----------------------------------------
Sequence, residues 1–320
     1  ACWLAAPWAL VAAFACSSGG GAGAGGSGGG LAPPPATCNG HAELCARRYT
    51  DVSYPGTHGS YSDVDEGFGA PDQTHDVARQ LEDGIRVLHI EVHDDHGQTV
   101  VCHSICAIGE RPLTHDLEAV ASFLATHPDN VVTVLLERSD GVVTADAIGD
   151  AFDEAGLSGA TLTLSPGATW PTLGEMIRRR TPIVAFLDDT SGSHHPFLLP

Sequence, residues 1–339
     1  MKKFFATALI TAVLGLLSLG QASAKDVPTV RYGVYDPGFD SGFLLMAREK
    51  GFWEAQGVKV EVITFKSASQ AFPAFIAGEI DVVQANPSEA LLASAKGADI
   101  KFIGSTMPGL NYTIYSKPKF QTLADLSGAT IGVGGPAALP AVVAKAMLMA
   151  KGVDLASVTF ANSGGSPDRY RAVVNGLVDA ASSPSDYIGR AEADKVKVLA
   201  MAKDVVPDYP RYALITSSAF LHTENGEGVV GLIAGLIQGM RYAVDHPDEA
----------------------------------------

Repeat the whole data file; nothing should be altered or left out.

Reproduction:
Sequence, residues 1–320
     1  ACWLAAPWAL VAAFACSSGG GAGAGGSGGG LAPPPATCNG HAELCARRYT
    51  DVSYPGTHGS YSDVDEGFGA PDQTHDVARQ LEDGIRVLHI EVHDDHGQTV
   101  VCHSICAIGE RPLTHDLEAV ASFLATHPDN VVTVLLERSD GVVTADAIGD
   151  AFDEAGLSGA TLTLSPGATW PTLGEMIRRR TPIVAFLDDT SGSHHPFLLP

Sequence, residues 1–339
     1  MKKFFATALI TAVLGLLSLG QASAKDVPTV RYGVYDPGFD SGFLLMAREK
    51  GFWEAQGVKV EVITFKSASQ AFPAFIAGEI DVVQANPSEA LLASAKGADI
   101  KFIGSTMPGL NYTIYSKPKF QTLADLSGAT IGVGGPAALP AVVAKAMLMA
   151  KGVDLASVTF ANSGGSPDRY RAVVNGLVDA ASSPSDYIGR AEADKVKVLA
   201  MAKDVVPDYP RYALITSSAF LHTENGEGVV GLIAGLIQGM RYAVDHPDEA